i make pizza at home with wheat tortillas as the crust when i have a craving. the tortillas have only 120 calories a piece. i go light on the sauce and load them up with veggies. some times i put a little bit of cheese on them, but i'm not a huge fan of it. i usually have to eat them with a fork in the end but they are great, tasty, cheap, and low enough in calories to eat as a lunch. if i have one with dinner, i can afford a couple of beers or a glass or two of wine.

05-22-2005, 11:12 PM
I'm going to Little Caesar's tomorrow. And getting a whole large pizza. And crazy bread. And I'm eating all of it. Sorry. :p

05-22-2005, 11:36 PM
HAA HAA HAA HAA HAA HAA HAA..... that's awsome. bad, but awsome.

ok. there's no way i'm not eating pizza. just not gonna happen. gonna go learn to make it at home. i'll make my own sauce.. we'll see. if it comes out good i'll let you girls know the reciepe. :)

05-23-2005, 12:45 PM
Yeah, I know, bad. I just have this horrible craving right now, and it's not going to go away until I get some pizza. I can get back ont rack after I do that! :p

05-24-2005, 09:25 AM
Rtael, look at how much you've lost! :bravo: Why spoil it when you are SO close to ONEderland? :grouphug: Think about why you're having this craving. Find a way around it, over it, under it, but don't go eating a whole pizza. You know how your body and your soul will feel afterwards. :cry: You deserve better. :grouphug:

Hunbun, there are lots of great recipes out there for whole wheat pizza crust. If you live on the east coast (I forgot to look! :o ), Wegman's now carries WW pizza crust. They keep it with the premade pizzas in a bag. It comes frozen, but the store may have put it out and let it defrost. It's super easy to use--you just open the bag, toss the dough ball in a bowl greased with olive oil, put a damp towel over the top and put it in a warm place to rise. When you are ready, just punch it down and roll it out. The directions are on the bag. You can keep these dough balls in the freezer and take one out to defrost/rise when you leave for work if you work all day. Very easy and very yummy! :T

For sauce, think about mixing canned tomato products...a little crushed tomatoes, like Suzanne suggested with maybe some tomato paste to thicken it, add fresh or dried herbs and garlic. Use minimal cheese and think about using really pungent Italian cheeses like asiago and parmiagiano reggiano to up the flavor while using less. Then pile on TONS of veggies. I actually learned to love mushrooms and zucchini by eating them on pizza first. My best friend as a teen loved veggie pizzas and I was too embarassed to say I didn't. I found they weren't half bad! Zucchini is really mild and you may find it easy to eat. Just keep experimenting, hon, and know that you can do whatever you put your mind to, okay? :cheer: :grouphug:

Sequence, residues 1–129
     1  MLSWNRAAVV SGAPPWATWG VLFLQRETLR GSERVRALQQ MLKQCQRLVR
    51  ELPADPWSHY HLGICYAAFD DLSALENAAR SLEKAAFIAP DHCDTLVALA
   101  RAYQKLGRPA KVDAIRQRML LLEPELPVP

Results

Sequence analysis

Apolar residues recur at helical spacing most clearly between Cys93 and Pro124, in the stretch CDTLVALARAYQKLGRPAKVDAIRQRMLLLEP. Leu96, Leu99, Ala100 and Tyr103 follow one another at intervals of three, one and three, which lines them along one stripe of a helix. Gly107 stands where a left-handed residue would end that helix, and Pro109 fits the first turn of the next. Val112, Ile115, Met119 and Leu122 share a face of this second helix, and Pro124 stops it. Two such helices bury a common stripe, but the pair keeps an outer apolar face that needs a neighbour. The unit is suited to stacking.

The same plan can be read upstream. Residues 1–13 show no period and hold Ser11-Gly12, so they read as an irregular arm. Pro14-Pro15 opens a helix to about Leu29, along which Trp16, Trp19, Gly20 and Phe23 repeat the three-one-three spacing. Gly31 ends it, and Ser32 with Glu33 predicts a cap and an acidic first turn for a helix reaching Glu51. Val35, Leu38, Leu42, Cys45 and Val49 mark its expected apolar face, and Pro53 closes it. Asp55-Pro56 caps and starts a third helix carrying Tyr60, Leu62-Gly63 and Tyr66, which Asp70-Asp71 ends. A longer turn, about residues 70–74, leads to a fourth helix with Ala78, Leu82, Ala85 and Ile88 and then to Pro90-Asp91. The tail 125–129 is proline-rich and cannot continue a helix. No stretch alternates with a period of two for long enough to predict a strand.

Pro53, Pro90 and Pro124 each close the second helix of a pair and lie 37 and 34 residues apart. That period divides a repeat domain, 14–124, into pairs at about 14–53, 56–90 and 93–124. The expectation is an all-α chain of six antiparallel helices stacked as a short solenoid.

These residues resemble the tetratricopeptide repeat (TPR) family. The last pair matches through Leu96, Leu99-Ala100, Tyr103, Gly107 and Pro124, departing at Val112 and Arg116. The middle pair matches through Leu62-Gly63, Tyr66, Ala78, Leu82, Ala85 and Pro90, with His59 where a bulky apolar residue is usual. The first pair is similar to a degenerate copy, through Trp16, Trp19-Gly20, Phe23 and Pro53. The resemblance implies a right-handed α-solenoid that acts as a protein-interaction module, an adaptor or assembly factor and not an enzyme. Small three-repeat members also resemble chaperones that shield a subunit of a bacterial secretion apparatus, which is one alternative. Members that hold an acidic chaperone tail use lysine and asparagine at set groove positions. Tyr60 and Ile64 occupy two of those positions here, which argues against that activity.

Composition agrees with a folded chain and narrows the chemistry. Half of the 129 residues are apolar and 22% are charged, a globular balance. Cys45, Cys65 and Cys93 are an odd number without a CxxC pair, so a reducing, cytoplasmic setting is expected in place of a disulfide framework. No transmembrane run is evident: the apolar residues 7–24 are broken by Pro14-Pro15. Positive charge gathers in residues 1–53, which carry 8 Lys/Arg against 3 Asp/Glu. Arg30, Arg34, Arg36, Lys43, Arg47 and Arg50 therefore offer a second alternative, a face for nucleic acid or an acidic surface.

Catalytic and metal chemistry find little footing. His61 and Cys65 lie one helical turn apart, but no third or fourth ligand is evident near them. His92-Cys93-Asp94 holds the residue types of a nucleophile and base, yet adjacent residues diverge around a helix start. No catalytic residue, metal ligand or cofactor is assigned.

05-24-2005, 09:37 AM
I make pizza using whole wheat pitas - works fine if you like a thin crust.

05-24-2005, 12:11 PM
I have Fit n Free pizzas in the freezer for when I want pizza. They are only 4 points. I usually add a point of Mozz. cheese and a point of pepperoni and then veggies for a 6 point pizza that nearly fills up a plate. However, when I'm really CRAVING pizza it just doesn't do the trick! :lol: I have to get the full fat version usually I like Little Ceasers and I eat two slices, one bread stick with sauce and a salad (14points total). It kills the craving and I've stayed within points and can continue on eating like I need to. I can stick with my diet so much easier knowing I can have the foods I really want on occasion. :devil:

Just my two cents. ;)

05-24-2005, 03:24 PM
I'm going to Little Caesar's tomorrow. And getting a whole large pizza. And crazy bread. And I'm eating all of it. Sorry. :p

Nothing like eating like a fat person! Guess that explains a lot!

Seriously, if that's how you choose to deal with your craving, enjoy every last unheathy bite, but get back on track. I used to make excuses about cravings and how I needed to ingdulge them before moving on. You are just satobaging your efforts....lying to yourself. I commend you on your honesty, however.

To comabt a pizza craving, I have used pitas and real parmsean...wonderful. Also, I have used little canned biscuits. They are an automatic portion control and you cannot load them with much.

05-24-2005, 03:33 PM
I sometimes have the urge to eat foods that I know aren't really part of healthier lifestyle. And I sometimes do just that. But even when you are eating that pizza or fried chicken (my personal nemensis!) or whatever, you can still try to use a bit of self control.

I had pizza this weekend. An extra cheese deep dish (with hot sauce on top, yum!). In the old days, I would have eaten half the thing, letting hubby eat the other half.

This time, I ate just a quarter of thing, two slices. I had the other two slices several hours later, for a second meal. Oh, I still ate half a pizza, but over a greater period of time, and thus had fewer calories than I would have back in the day. And I don't feel at all guilty about having had it, either.